Earache

Advice for parents and carers after contact with NHS 111

Ear infections are extremely common in children They are caused by either an infection of the middle ear that causes inflammation and a build-up of fluid (otitis media) or by an infection of the skin of the ear canal (otitis externa). Otitis externa is also known as ‘swimmers ear’ because it occurs more commonly when water enters the ear canal. Although most children with otitis media and otitis externa need no specific treatment, they will need to seen by a healthcare professional if they have pus coming out of their ear, in order to decide if treatment is required.

Symptoms of otitis media

  • Earache
  • Fever may be present
  • Misery
  • Pulling, tugging or rubbing ear
  • Slight hearing loss

In most cases, the symptoms of otitis media develop quickly and get better by themselves in a few days.In some cases, pus may run out of the ear, this is the fluid that had built up behind the ear drum causing a small hole in the eardrum; this tends to heal up by itself.

Symptoms of otitis externa:

  • Pain and tenderness in the ear canal.
  • Itchiness.
  • Foul smelling yellow or green pus in the ear canal.
  • Fever
  • Reduced hearing.
  • Noises inside the ear, such as buzzing, humming or ringing (tinnitus).
  • Otitis externa is usually one sided (unilateral)
When should you worry?

If your child has any of the following:

  • Is going blue around the lips
  • Has pauses in their breathing (apnoeas) or has an irregular breathing pattern
  • Too breathless to talk / eat or drink
  • Becomes pale, mottled and feel abnormally cold to touch
  • Has a fit / seizure
  • Becomes extremely agitated (crying inconsolably despite distraction), confused or very lethargic (difficult to wake)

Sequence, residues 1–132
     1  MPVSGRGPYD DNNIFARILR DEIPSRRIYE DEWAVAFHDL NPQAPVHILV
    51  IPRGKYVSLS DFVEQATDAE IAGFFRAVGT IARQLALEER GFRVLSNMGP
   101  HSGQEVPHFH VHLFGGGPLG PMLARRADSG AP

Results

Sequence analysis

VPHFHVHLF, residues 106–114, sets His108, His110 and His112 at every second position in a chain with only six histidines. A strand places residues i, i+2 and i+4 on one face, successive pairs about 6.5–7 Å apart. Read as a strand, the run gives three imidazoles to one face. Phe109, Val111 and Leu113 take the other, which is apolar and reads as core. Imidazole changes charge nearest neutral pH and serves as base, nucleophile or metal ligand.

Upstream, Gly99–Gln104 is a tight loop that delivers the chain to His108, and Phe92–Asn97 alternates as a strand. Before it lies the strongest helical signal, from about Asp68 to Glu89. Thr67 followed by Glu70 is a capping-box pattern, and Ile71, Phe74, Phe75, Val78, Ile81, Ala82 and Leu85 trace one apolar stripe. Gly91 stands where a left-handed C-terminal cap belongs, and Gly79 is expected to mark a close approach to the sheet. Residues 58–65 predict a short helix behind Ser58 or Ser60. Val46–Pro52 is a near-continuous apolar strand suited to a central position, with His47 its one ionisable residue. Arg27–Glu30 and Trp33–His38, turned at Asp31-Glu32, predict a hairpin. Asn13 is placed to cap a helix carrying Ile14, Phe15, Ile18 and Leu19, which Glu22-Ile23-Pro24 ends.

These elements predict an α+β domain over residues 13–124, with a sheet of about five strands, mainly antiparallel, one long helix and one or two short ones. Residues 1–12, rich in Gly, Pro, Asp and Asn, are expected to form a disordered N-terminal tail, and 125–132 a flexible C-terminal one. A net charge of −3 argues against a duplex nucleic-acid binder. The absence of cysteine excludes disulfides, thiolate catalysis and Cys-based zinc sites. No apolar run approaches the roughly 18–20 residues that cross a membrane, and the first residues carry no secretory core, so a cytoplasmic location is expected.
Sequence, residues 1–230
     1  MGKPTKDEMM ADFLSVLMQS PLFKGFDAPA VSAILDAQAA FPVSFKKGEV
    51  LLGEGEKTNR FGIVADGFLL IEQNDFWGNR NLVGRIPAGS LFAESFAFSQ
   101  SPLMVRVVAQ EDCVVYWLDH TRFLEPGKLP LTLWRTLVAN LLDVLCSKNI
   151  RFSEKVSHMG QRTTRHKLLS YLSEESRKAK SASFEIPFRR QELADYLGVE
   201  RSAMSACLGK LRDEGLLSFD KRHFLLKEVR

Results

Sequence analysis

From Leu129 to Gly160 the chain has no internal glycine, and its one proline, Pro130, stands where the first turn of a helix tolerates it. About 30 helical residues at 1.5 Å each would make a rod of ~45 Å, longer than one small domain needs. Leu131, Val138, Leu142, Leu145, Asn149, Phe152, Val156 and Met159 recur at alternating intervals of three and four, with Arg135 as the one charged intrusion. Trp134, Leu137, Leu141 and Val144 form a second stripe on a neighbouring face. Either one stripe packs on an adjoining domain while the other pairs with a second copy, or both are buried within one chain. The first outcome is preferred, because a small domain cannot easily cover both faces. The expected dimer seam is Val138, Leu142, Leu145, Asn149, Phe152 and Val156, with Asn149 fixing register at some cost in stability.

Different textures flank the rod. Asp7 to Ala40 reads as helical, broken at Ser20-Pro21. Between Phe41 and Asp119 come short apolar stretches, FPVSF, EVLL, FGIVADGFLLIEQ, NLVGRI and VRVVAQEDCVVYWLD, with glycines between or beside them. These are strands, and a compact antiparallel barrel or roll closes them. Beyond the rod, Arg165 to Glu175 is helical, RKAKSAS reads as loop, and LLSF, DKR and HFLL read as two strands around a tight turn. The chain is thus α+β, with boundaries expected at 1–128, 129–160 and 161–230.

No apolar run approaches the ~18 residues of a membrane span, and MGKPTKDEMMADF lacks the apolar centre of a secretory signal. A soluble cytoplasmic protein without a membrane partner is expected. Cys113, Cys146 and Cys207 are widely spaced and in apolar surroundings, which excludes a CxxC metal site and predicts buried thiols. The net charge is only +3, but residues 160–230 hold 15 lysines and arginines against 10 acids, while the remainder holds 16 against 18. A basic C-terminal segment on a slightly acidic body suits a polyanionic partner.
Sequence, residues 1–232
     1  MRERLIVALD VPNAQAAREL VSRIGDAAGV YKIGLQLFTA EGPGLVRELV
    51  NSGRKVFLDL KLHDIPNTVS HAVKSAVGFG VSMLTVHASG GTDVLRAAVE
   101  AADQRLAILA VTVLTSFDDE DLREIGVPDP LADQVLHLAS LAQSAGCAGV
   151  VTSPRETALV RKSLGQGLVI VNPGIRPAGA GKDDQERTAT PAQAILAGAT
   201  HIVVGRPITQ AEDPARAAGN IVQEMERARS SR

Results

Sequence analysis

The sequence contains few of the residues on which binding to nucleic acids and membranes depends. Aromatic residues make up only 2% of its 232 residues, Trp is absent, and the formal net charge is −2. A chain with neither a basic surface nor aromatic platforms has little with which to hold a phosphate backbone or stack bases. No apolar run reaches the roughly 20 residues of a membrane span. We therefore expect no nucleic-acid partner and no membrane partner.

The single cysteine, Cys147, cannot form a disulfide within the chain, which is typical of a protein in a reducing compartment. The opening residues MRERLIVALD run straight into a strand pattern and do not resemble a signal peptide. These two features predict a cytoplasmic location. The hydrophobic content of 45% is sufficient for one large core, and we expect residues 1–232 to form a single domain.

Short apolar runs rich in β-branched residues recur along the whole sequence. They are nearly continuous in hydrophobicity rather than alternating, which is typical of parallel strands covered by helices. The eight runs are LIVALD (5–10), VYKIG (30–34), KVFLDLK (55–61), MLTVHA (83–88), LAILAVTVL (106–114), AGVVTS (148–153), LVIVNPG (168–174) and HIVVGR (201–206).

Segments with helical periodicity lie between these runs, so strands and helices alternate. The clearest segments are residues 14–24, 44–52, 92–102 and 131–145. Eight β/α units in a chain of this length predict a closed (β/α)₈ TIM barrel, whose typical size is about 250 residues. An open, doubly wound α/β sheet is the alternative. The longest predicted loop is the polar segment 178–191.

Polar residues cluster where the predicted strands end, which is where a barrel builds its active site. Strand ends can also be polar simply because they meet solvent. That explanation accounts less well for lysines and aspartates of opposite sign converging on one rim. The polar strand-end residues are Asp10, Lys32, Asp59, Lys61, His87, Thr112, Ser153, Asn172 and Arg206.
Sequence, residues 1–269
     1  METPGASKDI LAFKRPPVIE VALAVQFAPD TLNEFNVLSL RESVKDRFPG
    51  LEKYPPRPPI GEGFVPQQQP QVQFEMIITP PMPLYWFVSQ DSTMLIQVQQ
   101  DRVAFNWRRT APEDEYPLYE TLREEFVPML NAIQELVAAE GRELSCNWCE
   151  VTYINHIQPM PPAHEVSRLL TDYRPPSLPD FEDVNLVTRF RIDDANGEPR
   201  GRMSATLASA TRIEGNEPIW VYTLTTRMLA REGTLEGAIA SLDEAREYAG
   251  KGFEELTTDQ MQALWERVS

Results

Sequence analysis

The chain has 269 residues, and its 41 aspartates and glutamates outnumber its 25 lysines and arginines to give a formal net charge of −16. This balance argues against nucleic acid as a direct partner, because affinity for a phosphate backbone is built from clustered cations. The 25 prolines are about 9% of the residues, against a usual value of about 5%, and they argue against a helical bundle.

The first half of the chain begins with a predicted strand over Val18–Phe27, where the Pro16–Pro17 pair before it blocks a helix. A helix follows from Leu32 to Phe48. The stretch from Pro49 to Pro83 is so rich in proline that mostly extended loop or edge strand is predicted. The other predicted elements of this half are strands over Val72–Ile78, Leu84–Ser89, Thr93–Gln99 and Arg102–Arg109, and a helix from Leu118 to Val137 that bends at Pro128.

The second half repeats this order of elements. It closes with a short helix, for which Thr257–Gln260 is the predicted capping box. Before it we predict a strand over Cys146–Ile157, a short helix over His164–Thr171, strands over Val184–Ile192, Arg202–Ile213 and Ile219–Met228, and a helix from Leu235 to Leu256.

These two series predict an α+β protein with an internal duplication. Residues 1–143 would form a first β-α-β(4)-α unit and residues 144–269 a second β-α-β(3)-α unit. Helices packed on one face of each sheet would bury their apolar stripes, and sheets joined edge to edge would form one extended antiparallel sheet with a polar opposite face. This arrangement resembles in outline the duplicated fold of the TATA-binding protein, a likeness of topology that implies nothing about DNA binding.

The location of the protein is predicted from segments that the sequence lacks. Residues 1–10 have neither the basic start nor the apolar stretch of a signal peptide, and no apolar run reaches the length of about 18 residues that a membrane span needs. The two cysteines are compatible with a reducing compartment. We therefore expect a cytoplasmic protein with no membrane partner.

• Develops a rash that does not disappear with pressure (the 'Glass Test')

You need urgent help.

Go to the nearest Hospital Emergency (A&E) Department or phone 999

If your child has any of the following:

  • Has pus coming out of the ear
  • Develops swelling behind the ear or increasing pain / redness behind the ear
  • Develops dizziness or is losing their balance
  • Is becoming drowsy (excessively sleepy) or irritable (unable to settle them with toys, TV, food or picking up) - especially if they remain drowsy or irritable despite their fever coming down
  • Is complaining of a severe headache and neck stiffness/pain or discomfort with bright lights (photophobia)
  • Is having breathing problems, such as rapid, shortness of breath or laboured breathing (drawing in of muscles below the lower ribs when they breath in)
  • Seems dehydrated (dry mouth, sunken eyes, no tears, drowsy or passing less urine than usual)
  • Has extreme shivering or complains of muscle pain
  • is under 3 months of age with a temperature above 38.0° / 100.4°F, or 3-6 months of age with a temperature above 39°C / 102.2°F (but fever is common in babies up to 2 days after they receive vaccinations)
  • Continues to have a fever above 38.0°C for more than 5 days
  • Is getting worse or if you are worried

You need to contact a doctor or nurse today.

Please ring your GP surgery or call NHS 111 - dial 111

If none of the above features are present

Self care

Continue providing your child’s care at home. If you are still concerned about your child, call NHS 111 – dial 111

Treatment

You can help relieve symptoms by;

  • Giving your child paracetamol or ibuprofen to help relieve pain
  • Encourage your child to drink plenty of fluids

Most children with earache do not need antibiotics. That’s because research has shown that antibiotics make very little difference to how quickly your child gets better.

If your child has any features of severe infection (amber or red features above), they will need to be urgently seen by a healthcare professional.

Prevention

It is not possible to prevent ear infections; however, you can do things that may reduce your child’s chances of developing the condition.

  • Avoid cleaning your child’s ears with cotton buds – this may damage and irritate the ear canal and pushes wax further into the ear. Wax is designed to come out by itself.
  • Try not to let soap or shampoo get into your child’s ear canal.
  • Try to keep your child’s ears dry; if water gets in, tip it out as soon as possible. However, this can be extremely challenging in young children!
  • Ensure your child is up-to-date with their immunisations
  • Avoid exposing your child to smoky environments (passive smoking)

This guidance is written by healthcare professionals from across Hampshire, Dorset and the Isle of Wight.

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